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Panchatantram Review: The five senses get a cinematic expression


Panchatantram directed by young director Harsha Pulipaka is about life and story-telling pegging on the five senses – five stories – not all of them work, but the last two stories seal the deal for this film

Text by Rajeshwari Kalyanam

Panchatantram – the age-old book of stories gives life lessons. Harsha Pulipaka’s new film ‘Panchatantram’ is also about life and story-telling. Pegging on the five senses – Harsha tells five stories that are narrated by a retired old man as a part of story writing competition. While his daughter (Swathi) keeps reminding him that its his age for resting and perhaps pursuing spiritual interests – he goes ahead and participates in the competition moving closer to the finale with each narration. Played by the legendary Brahmanandam, Veda Vyas, the narrator takes us along the stories.

The first story is about a software employee Vihari (Naresh Agastya) bogged down by routine and stress, and suddenly he realizes that he has never been to a beach. An experience as simple as that feels much more important when he hears people around him narrating their first-time experiences of being at a beach listening to the sounds of the waves.

The second story is about a man looking out for a girl to marry, and his condition is that the girl should have an identity and know what she wants. And, when he finally meets the girl – the conversation veers towards food, and the memories. It’s how they bond over the sense of taste that forms the rest of the story. The endearing pair is Rahul Vijay and Shivathmika, who fit their parts that will leave you wanting for more.

The third story is about a retired bank employee, who suddenly begins to smell something strange around him. What it is and how that smell stayed with him, and the whole mystery around it is what the story is about.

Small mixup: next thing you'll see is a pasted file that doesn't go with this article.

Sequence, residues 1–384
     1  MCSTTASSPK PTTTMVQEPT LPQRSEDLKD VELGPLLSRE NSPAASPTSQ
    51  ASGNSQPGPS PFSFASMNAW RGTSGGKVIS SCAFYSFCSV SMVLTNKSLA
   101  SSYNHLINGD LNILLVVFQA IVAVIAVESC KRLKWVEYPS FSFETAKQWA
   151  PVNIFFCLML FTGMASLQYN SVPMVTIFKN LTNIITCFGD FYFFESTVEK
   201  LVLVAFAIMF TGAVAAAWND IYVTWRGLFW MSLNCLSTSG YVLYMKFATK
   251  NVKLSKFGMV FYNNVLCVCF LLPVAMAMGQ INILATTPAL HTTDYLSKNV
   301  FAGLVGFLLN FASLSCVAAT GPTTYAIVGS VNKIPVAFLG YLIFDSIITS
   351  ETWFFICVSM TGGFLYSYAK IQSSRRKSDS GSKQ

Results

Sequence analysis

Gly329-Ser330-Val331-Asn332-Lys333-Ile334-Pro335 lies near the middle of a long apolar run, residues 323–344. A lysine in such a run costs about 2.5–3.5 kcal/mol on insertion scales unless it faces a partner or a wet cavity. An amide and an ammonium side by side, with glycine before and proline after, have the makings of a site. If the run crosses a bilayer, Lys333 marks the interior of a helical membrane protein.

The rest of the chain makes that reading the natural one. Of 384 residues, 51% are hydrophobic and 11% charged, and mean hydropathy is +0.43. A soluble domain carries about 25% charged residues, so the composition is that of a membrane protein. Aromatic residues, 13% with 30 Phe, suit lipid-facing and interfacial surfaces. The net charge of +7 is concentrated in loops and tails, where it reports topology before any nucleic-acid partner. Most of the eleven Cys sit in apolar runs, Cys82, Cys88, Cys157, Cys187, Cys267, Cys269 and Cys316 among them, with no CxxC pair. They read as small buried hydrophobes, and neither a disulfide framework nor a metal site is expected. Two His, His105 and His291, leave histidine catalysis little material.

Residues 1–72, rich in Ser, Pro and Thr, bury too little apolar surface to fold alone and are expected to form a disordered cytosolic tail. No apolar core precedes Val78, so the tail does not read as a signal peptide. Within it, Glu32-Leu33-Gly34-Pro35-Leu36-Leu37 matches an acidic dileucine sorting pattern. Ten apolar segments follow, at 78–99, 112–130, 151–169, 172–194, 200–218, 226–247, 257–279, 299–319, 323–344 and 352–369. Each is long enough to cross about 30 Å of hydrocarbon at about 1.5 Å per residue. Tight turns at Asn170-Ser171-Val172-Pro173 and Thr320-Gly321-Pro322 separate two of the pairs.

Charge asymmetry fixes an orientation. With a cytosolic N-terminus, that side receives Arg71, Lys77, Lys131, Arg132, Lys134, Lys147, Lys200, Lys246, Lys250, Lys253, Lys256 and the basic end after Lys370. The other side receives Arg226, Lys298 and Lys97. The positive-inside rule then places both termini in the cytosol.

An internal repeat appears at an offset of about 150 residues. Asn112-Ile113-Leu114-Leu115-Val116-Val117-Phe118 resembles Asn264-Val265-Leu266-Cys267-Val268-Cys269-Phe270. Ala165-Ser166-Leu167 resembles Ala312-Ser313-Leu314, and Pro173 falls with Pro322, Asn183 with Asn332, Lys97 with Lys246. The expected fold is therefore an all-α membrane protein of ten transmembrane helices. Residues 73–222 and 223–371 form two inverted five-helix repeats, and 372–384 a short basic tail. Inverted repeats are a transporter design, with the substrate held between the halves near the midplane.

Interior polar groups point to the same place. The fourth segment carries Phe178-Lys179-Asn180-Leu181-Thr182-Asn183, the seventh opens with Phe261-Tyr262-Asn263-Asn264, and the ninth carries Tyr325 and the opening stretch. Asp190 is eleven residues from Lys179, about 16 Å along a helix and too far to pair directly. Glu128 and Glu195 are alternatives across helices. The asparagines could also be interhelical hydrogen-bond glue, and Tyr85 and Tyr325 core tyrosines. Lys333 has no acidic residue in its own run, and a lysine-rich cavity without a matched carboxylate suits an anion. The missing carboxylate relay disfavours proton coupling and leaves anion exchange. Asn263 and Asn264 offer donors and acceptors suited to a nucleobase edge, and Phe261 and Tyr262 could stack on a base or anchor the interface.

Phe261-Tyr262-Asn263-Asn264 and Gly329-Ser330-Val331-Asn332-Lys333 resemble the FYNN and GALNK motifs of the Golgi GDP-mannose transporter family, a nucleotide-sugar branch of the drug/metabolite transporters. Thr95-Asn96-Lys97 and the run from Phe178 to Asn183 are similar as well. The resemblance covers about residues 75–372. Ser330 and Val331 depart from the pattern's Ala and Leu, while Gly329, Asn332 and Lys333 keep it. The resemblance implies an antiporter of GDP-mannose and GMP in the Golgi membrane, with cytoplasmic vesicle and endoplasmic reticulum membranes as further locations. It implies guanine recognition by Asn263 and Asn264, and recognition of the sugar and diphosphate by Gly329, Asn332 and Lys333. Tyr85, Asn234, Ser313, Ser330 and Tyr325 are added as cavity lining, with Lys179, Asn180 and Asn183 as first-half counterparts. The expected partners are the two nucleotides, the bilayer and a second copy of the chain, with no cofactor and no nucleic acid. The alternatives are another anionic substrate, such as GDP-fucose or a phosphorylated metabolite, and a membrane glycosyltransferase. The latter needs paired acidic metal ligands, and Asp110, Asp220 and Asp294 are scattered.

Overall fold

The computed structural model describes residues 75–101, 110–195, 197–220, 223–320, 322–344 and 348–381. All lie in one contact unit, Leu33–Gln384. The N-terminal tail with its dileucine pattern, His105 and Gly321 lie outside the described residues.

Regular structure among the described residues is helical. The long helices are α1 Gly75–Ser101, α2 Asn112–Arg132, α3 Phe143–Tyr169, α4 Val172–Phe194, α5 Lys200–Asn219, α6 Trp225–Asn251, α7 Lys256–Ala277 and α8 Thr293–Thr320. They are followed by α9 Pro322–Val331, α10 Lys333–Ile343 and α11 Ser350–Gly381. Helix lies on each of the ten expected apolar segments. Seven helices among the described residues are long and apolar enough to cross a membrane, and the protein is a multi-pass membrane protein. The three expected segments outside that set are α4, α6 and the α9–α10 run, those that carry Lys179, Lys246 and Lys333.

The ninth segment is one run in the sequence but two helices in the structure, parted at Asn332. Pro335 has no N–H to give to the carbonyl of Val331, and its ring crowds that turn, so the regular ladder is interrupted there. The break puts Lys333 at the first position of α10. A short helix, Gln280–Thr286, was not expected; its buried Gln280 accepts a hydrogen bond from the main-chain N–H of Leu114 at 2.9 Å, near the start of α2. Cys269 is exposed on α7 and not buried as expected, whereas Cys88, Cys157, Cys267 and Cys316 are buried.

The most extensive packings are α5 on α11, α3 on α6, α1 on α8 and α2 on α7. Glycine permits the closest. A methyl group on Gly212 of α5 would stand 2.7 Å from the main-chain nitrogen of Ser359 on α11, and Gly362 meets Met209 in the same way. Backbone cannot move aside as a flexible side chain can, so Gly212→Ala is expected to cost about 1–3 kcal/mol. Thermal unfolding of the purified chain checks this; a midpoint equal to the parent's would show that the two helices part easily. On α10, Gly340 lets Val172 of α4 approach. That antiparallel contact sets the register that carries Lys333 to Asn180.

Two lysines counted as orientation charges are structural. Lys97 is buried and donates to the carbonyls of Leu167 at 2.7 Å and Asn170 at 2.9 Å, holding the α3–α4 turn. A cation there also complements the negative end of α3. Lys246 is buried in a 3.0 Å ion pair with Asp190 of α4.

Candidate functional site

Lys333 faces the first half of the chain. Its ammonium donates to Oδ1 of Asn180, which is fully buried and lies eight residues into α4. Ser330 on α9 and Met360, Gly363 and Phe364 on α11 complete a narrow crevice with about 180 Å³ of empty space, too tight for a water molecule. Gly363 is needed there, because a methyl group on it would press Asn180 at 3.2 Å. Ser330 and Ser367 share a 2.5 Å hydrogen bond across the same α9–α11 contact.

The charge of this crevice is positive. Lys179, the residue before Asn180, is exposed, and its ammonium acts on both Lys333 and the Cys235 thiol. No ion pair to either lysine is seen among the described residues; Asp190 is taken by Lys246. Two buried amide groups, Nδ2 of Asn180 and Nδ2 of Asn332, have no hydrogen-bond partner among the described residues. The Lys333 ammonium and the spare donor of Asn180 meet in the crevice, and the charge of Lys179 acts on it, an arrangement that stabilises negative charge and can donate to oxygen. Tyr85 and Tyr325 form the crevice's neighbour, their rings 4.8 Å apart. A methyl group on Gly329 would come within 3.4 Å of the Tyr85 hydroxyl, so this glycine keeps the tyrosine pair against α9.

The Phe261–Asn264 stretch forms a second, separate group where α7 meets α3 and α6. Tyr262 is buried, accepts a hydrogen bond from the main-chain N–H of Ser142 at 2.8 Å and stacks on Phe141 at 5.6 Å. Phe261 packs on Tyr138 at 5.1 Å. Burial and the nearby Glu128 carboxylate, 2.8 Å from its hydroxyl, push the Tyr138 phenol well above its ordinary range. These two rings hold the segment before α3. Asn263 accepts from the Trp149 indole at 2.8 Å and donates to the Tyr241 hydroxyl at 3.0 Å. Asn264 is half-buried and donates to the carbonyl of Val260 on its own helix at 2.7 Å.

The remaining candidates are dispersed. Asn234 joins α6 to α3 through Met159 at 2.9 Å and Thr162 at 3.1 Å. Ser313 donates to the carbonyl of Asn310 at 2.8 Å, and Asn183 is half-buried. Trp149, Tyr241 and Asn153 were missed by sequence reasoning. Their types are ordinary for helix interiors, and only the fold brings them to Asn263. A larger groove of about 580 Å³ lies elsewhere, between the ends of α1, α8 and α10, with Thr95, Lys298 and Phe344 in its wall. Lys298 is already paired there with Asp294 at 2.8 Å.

While the first story in the Panchatantram anthology has its moments, and relies heavily on the experience, it falters in the craft of storytelling. Perhaps what’s missing is the conflict, which is more or less the case with the second story on ‘Taste’ as well. Senior actor Samuthirakani carries the entire weight of the third story on smell. The last two stories however seal the deal and you will leave the theatre with a few poignant thoughts in your head.

Story on touch is weaved around the simple husband and wife who are expecting a baby. Divya Sripada and Vikas have given an edge to this tear-jerking story with their sensitive performances, and act aptly followed by the next story – on the sense of sight, which is also vivid in one’s imagination. It is the story about this entrepreneur cum children’s story teller Chitra, who creates a female super hero Leia an extremely popular show amongst kids. She meets Roopa one of her fans – how it turns out to be life changing is the rest of the story. The story has Swathi and Adarsh Balakrishnan in main roles, and it tugs at heart at many levels.

Interestingly Veda Vyas”s daughter who comes to listen to her father imagines herself in the story, and it changes her perspective towards her father.

Plus: The director-writer has his heart in the right place. There are several nuances, moments and scenes that quietly touch your heart. Here is a director who is sensitive and knows to cast the right people for the right roles, and gets them to deliver on their performances. Three cheers to the producers Akhilesh Vardhan and Srujan for supporting the project. Dialogues and background score too need to be applauded for keeping the audiences hooked to the narrative and lending the vibe for each story.

Minus: Panchatantram seems to have missed on cinematic translation of a few feelings, which otherwise would have elevated this beautiful film.

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